It’s happened to everyone who has a goal. You decide what you want, develop a plan, take the first step, and then the unexpected happens.
“Obstacles don’t have to stop you. If you run into a wall, don’t turn around and give up. Figure out how to climb it, go through it, or work around it.” Michael Jordan
“What saved us over and over was our willingness to recognize what wasn’t working and quickly identify a new way of looking at it. By remaining flexible and open to creative solutions, the results have been miraculous.” Anita Roddick
“I don’t let obstacle get me down. I focus on how to overcome them. You can work around any obstacle by going under it if it’s too high, going over it if it’s too low. There’s always a way!” James Rocky Robinson
“The truth is that the average ‘bottom-of-the-ladder’ person is potentially as creative as the top executive who sits in the big office. The problem is that the person on the bottom of the ladder doesn’t trust his own brilliance and doesn’t therefore, believe in his own ideas.” Dr. Robert H. Schuller
“Things don’t just happen. You have to make them happen and you can count on nothing working out exactly as planned. By working hard and creatively looking for solutions, you will find your way around all of life’s obstacles.” Eula Hall
Ask ourselves the following question: “What can I do, with what I have, to get what I want?”
Tapping Your Creativity
Develop Your Inborn Creativity
“Imagination is more important than knowledge.” That’s what Albert Einstein said, and Einstein was one of the most intelligent people who ever lived. He solved some of the greatest riddles of science, riddles that had confounded other scientists for centuries. Einstein was a master problem solver, yet he often said that his greatest asset in solving problems was not his intellect but his imagination.
The good news is you don’t have to be as imaginative as Einstein to be an effective problem solver. All people have an abundance of creativity within themselves to solve any problem that arises. The challenge is to keep your mind strong and flexible. Your mind functions like a muscle. Exercising your mind might require spending less time in front of the television set and more time thinking, creating, and brainstorming with others on how you can identify a solution to your challenges.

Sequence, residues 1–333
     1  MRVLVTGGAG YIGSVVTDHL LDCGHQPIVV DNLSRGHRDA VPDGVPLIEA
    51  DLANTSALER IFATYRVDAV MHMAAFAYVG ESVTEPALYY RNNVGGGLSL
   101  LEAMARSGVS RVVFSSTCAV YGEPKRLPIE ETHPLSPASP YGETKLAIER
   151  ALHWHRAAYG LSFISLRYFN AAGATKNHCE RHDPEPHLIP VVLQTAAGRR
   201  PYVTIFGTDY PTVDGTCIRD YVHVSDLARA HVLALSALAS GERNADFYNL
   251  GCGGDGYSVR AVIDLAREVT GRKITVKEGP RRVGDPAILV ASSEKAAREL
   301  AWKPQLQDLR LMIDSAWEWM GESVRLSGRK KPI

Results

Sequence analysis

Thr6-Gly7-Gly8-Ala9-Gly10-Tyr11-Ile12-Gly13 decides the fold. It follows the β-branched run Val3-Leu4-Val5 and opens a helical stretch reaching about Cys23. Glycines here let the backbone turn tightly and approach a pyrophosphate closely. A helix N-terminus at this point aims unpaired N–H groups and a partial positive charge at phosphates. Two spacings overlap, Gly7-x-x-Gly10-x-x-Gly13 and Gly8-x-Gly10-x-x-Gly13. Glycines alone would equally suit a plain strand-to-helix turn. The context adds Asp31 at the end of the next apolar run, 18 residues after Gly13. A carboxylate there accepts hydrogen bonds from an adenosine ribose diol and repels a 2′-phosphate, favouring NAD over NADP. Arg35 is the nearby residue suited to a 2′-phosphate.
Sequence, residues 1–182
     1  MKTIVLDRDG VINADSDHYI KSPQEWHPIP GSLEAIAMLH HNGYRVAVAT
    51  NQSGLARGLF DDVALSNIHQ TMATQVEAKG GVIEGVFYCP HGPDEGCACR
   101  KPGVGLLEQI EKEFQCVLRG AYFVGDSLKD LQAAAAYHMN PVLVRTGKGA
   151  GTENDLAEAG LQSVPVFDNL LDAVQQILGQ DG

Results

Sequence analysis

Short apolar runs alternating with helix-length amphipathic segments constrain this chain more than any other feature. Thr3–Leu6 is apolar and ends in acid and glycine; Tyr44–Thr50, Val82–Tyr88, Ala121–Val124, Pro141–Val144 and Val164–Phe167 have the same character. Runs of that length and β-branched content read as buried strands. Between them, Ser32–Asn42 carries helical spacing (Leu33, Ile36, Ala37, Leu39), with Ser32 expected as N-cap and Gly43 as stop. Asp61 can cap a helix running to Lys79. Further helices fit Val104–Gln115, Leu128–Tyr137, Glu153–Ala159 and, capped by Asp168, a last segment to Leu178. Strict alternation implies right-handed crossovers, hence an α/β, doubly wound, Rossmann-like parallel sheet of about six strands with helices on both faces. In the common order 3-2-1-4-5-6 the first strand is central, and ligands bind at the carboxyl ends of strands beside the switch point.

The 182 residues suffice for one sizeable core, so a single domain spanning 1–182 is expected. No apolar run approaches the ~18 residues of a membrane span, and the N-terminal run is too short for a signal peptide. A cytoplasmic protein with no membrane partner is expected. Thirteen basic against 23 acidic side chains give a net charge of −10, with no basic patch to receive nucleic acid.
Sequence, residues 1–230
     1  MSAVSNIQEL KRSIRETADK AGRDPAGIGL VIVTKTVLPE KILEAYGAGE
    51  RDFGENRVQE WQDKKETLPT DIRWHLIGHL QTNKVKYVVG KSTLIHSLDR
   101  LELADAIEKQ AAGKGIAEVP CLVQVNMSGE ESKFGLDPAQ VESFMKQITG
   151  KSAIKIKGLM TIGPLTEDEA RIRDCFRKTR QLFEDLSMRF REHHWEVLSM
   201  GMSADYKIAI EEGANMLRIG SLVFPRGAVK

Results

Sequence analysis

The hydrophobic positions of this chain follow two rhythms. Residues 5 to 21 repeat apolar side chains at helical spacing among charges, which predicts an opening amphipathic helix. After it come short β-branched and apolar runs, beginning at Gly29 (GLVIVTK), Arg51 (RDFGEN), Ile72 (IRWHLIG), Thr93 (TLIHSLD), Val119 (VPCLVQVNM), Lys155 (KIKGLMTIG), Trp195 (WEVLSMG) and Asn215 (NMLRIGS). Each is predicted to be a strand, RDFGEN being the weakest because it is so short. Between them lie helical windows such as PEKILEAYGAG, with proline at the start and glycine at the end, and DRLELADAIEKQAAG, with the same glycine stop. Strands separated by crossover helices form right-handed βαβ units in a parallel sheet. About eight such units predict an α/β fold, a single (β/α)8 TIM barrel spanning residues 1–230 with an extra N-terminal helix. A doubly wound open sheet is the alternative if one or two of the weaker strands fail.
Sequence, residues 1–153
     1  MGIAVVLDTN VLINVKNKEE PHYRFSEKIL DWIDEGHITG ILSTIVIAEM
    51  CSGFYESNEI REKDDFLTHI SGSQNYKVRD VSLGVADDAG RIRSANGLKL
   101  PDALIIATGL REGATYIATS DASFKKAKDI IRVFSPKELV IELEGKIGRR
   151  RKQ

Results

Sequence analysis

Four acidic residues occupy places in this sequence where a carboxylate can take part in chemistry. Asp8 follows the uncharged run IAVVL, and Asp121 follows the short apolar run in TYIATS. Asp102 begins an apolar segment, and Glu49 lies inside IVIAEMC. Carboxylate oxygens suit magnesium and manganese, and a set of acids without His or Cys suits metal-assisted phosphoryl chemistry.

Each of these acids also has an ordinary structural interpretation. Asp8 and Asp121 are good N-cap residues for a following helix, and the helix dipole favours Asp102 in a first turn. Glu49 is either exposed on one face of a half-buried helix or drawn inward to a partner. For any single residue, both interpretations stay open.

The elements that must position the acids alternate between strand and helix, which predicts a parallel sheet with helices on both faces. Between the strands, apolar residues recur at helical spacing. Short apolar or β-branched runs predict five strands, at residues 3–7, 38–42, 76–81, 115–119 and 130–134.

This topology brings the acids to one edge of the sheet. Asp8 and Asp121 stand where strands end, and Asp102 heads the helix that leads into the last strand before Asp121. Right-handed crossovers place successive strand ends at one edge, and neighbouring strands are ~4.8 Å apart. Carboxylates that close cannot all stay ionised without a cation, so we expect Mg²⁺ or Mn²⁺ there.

Exercise for Expanding Your Creativity
1st, Identify a problem and write the problem across the top of the sheet. Then write the numbers 1 through 10 vertically down the left side of the sheet of paper. Finally, write ten possible solutions to your problem. The purpose of the exercise is to stretch your imagination and tap unconscious resources.
Next step in the exercise is to examine each solution and crossed out the ones that don’t lead anywhere.
Apply this exercise to one of your current problems. Perhaps you’re looking for a way to fund a new business, identify people who can help you launch a product, or determine the solution to a community problem. Write down ten different ways you could approach the problem and reach a solution. Make sure they are viable options, but stretch your imagination.
Remember, the solution to every problem lies within you. You may need a few minutes of quiet time to complete the exercise effectively, or you may need to brainstorm possible solution with a friend. Feel free to do whatever you think is necessary to connect with your inner knowing. When you’ve completed the exercise, you should find that the solutions you have found will renew your sense of possibility and commitment to your goal.
“Your imagination is the preview to life’s coming attractions.” Albert Einstein
“Creative,” “flexible,” “imaginative” – these three words are almost interchangeable. If you are creative, you can think of alternative ways to work around problems, ways that align with your own skills and reflect your values. If you are flexible, you are able and willing to change and modify plans; you adjust to new circumstances and needs. If you are imaginative, you envision what is not and what can be – you see in your mind what you haven’t yet seen in the material world. All three words refer to your willingness to experiment with new approaches and fresh solutions.
Eli Whitney, Thomas Edison, and Henry Ford, these people triumphed by using imagination and flexibility. They experimented with new materials and techniques that often seemed unrealistic or unbelievable at the time. For years, they suffered failure after failure, but they never felt regret. Each time they simply abandoned what did not work, revised their theories, and continued to look for what would work. They were flexible and humble enough to learn from other people’s ideas and experiments and to adapt them to their own projects.
Brian Tracy, business writer and consultant, says that to create a successful product, the product need be only 5% different from existing products. If the product is too different, it may be “ahead of its time,” and consumers may not be ready for it. Ideas are products too. Therefore, it is possible that a creative idea need be only slightly different to yield significant results.
Determined people always find their way over, around, or under every barrier that confronts them. A brick wall is intimidating, but it is not undefeatable. Determined people believe there’s a solution to every problem if they keep searching.
No one is asking you to become as creative as Shakespeare, as flexible as Houdini, or as imaginative as Da Vinci. But you may be surprised at how much exists within you. Dip into you well of creativity. Apply imagination, creativity, and flexibility to the challenges that predictably appear as you proceed toward your goal. If you tap only 5% of your potential, you are on your way to being 100% unstoppable.
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